The new breed of Instagram spambots are savvier than ever, and that’s because they’re pretending to be you.
But the new spambots are different than the Instagram accounts set up earlier in this year, which impersonated real lottery winners and offered money to people who followed them. In an effort to avoid spam filters, these new spambots are creating new accounts using real people’s names, their Instagram pictures, and even their photo captions, The Verge first reported Wednesday morning.
And Instagram users are taking notice to the fake accounts that are impersonating them.
Here’s what the real Instagram account looks like compared to the spambot impersonator:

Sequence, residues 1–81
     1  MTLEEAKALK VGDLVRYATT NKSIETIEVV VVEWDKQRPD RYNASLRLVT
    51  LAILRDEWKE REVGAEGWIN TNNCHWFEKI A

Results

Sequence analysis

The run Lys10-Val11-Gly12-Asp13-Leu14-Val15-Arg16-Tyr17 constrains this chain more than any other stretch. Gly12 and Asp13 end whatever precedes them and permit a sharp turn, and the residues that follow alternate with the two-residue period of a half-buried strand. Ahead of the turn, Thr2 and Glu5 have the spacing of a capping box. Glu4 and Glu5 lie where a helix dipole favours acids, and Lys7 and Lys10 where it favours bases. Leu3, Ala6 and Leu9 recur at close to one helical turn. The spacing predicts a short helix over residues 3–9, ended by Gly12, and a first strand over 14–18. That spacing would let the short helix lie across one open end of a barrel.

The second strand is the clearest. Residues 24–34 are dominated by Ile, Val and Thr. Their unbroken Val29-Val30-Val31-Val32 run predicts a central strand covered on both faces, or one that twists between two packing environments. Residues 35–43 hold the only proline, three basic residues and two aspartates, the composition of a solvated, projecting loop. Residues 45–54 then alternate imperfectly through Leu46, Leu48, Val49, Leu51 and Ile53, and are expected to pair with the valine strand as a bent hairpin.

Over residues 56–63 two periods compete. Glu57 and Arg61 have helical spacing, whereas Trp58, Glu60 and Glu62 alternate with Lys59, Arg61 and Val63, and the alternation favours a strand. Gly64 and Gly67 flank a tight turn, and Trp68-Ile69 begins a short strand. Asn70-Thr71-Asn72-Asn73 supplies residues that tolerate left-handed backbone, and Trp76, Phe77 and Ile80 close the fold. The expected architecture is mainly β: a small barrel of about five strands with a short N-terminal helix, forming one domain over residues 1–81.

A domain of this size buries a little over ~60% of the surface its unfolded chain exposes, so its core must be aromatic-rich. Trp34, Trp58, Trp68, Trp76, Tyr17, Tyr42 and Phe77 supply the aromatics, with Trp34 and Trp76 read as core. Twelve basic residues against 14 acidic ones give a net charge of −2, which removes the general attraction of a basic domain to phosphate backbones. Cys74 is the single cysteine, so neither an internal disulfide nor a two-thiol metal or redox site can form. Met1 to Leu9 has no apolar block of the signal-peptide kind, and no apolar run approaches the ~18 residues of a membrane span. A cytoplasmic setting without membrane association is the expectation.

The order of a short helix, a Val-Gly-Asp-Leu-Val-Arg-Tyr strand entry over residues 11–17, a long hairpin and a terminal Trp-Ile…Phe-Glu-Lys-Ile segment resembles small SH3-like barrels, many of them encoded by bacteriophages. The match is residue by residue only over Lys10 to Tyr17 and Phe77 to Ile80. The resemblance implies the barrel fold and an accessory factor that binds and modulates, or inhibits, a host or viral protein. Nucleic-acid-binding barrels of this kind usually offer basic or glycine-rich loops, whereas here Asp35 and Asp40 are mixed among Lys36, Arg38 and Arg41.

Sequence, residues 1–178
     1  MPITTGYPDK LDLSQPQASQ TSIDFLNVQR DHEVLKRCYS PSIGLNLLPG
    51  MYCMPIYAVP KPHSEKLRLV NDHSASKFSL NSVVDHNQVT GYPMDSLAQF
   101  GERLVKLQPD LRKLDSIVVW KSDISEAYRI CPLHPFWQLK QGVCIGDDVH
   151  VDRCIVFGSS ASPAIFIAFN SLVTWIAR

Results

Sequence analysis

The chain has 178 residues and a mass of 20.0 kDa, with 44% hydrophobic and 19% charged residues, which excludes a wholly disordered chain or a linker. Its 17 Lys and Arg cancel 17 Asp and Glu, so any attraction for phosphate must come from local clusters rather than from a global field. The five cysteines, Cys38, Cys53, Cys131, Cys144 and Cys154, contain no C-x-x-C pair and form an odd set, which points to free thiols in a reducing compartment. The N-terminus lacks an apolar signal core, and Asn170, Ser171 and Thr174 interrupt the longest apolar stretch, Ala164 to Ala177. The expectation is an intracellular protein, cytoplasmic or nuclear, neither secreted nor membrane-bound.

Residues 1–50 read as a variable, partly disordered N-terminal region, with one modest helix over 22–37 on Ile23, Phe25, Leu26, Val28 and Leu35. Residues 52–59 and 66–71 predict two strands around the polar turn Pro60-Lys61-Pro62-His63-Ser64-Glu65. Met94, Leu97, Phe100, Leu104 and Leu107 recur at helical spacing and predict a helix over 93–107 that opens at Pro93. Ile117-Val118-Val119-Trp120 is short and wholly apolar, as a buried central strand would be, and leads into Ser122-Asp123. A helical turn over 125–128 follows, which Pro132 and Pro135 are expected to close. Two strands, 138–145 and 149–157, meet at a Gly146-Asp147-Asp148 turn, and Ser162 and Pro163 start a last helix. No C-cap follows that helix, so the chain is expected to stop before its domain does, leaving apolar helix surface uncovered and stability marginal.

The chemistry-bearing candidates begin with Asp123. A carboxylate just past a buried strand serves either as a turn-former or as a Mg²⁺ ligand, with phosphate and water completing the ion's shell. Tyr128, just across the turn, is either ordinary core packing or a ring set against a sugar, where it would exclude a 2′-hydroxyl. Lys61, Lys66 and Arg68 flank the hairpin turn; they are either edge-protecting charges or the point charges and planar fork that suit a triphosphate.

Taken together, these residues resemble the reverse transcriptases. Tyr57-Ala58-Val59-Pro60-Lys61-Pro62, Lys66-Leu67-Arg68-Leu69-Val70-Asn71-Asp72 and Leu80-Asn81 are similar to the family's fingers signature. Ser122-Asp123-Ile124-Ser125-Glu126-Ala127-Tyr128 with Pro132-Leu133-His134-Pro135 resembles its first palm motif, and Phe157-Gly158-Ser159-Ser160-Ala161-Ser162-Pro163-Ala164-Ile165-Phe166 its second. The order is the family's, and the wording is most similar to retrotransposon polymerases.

It’s likely that these spam accounts are part of a black market for people that pay for fake followers. It’s a trend that occurs across social media platforms: users pay for followers for any number of reasons — to make themselves look more credible, perhaps, or just to make their “cool ratio” more favourable.
The Verge noted some patterns across the spambot accounts: The spambots tend to follow thousands of other users, but don’t have many of their own followers. Users tend to realise their online identity is being copied when the Instagram spambot reposts a photo caption word for word, tagging the real user’s friends in a caption originally posted by the real Instagram user.
Instagram provides some guidelines for what to do if you’re being impersonated, The Verge points out. You’ll have to report the account to Instagram and then prove your own identity by submitting a form of ID.
Instagram launched its first initiative to wipe out spam accounts in April.